• Some of the speakers on the tour I have met before, some I knew via the internet and some were new to me. It is surprising how much of a bond you can develop in such a short time. I’m not the type of person that is quick to consider someone a friend, but there are people I’ve only known for a few days who I now consider my friends. I don’t know if I will ever see them again and that makes me sad, but I will definitely not forget them.
  • There are great Oracle communities around the world that us English speakers never get to experience. This is one way to bridge that gap.
  • It’s a very humbling experience to know that most of the attendees are listening to you present in their second or third language. Even more so when they have the guts to approach you to talk about the content of your presentation. It kinda makes you ashamed to be a lazy Brit who only speaks English… Badly…
  • Above all, it’s a really fun experience.

I need to mention a few people for their sterling work in getting me through the tour:

  • Sheeri Cabral for translation services and general organisation skills. I just piggy backed on her (and Debra’s) flight plans, hotel bookings and relied on her Spanish to get me through assorted airports and shops etc.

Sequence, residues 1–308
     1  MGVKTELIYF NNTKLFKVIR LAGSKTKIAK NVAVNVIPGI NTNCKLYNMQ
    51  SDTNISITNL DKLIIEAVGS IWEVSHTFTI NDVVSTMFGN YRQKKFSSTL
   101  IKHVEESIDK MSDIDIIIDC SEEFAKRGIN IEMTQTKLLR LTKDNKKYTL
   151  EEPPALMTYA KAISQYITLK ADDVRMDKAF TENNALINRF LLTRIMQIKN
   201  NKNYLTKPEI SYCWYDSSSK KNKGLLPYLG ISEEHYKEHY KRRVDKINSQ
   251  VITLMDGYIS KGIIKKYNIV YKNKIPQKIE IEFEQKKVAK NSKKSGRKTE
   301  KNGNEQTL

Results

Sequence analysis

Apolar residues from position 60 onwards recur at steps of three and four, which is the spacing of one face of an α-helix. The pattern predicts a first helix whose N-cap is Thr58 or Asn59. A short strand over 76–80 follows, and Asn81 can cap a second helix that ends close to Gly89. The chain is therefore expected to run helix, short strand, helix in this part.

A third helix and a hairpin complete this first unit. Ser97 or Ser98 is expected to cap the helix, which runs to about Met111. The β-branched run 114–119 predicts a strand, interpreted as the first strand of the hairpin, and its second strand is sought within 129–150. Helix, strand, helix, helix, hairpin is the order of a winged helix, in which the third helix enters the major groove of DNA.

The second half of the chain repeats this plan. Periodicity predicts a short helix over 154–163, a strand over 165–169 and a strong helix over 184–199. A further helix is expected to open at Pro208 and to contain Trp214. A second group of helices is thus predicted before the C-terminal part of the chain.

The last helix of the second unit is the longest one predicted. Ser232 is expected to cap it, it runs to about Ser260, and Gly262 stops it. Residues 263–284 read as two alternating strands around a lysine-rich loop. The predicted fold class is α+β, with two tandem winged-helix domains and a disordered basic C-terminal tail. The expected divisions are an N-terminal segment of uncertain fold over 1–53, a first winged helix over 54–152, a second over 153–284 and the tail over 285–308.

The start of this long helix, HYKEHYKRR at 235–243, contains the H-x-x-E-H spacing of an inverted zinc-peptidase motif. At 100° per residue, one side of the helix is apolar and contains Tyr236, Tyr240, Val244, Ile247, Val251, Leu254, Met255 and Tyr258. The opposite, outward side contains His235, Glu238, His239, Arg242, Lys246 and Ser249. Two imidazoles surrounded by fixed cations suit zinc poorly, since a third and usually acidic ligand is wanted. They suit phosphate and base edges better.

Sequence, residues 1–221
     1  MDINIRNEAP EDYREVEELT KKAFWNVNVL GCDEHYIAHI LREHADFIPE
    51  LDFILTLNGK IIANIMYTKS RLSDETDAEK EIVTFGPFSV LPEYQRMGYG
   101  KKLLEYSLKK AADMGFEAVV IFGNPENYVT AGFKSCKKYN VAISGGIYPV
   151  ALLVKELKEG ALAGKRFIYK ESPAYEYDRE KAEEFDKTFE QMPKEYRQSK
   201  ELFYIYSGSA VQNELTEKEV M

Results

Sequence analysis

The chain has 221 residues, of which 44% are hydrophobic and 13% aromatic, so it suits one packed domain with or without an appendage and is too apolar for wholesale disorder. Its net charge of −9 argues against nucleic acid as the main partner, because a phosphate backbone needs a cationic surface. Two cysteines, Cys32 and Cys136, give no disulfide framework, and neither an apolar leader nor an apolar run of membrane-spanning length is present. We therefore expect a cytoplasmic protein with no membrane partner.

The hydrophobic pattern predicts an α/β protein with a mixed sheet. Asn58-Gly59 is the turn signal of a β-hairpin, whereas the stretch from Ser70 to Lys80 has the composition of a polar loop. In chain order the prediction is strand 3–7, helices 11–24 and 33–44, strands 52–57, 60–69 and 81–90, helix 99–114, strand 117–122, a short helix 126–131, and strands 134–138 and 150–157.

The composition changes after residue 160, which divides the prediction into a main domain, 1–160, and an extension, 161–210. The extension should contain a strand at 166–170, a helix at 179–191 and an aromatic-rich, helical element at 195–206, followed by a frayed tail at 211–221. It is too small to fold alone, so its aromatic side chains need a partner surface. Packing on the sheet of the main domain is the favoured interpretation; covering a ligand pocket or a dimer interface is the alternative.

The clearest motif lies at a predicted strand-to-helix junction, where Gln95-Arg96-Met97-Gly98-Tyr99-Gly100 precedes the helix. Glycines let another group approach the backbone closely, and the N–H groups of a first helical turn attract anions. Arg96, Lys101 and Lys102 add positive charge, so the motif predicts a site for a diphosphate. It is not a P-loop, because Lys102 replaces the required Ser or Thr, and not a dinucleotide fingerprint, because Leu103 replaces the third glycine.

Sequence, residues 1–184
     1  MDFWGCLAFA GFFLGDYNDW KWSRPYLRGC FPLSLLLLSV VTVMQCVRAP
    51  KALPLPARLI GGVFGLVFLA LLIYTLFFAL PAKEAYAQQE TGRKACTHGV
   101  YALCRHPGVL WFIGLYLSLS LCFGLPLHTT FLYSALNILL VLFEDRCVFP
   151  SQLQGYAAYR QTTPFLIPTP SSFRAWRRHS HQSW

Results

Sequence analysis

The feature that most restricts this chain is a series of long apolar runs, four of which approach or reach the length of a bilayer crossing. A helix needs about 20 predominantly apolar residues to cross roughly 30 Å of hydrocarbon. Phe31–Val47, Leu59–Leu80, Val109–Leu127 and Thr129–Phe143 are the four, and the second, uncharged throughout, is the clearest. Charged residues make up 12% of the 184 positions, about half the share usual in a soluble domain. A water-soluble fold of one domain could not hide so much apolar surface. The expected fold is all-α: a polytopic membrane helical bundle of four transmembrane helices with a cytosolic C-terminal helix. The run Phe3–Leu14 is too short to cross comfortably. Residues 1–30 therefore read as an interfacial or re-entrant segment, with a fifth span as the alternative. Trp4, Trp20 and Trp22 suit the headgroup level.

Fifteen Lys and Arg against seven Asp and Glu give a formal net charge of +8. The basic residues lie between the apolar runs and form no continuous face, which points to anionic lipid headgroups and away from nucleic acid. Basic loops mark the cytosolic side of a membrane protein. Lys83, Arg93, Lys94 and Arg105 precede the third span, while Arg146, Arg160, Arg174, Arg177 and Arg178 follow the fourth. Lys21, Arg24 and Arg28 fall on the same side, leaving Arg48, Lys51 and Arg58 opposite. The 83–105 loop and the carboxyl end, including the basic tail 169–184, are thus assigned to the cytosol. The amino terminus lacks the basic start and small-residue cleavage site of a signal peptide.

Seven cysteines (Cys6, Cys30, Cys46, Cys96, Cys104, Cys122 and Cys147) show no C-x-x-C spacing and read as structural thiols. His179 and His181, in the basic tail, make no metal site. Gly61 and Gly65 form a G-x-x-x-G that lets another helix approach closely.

• Debra Lilley for being a little island of (near) sanity on the occasions when I was starting to lose the will to go on.
  • Tom Kyte. Watching you present reminds me I must try harder. It was nice to see you out at the social events too. It’s been a few years since you’ve knocked around with us. 🙂
  • Melanie Caffrey. You are a scream and I suspect we would have seen less of Tom at the social events if you hadn’t been around. 🙂
  • Graham Wood. I know we are a similar age, but if you don’t mind I would like you to adopt me. You can be my Oracle dad… 🙂
  • Sergio Tribst. Where do I start with you dude? Quite possibly the most consistently amusing person on the tour. A top bloke!
  • Noel Portugal. What a cool guy. Such a pity you only came to the first couple of events. Hopefully we can meet up at another event so you can  find out how annoying I can be…
  • Shay Shmeltzer for juggling worthy of the Cirque du Soleil.
  • Joel Pérez and Ronal Vargas for my Spanish lessons. Sorry I’m such a terrible student.
  • Plinio Aribizu. Yeah.. init! 🙂
  • All the other speakers I chatted too.
  • All the attendees for coming and listening to my sessions.
  • All the conference organizers for making the events a success and keeping us entertained.
  • The Oracle ACE program and Francisco for making this happen.

Enough of the mutual appreciation society… 🙂 Next time…



OTN Tour of Latin America: Costa Rica…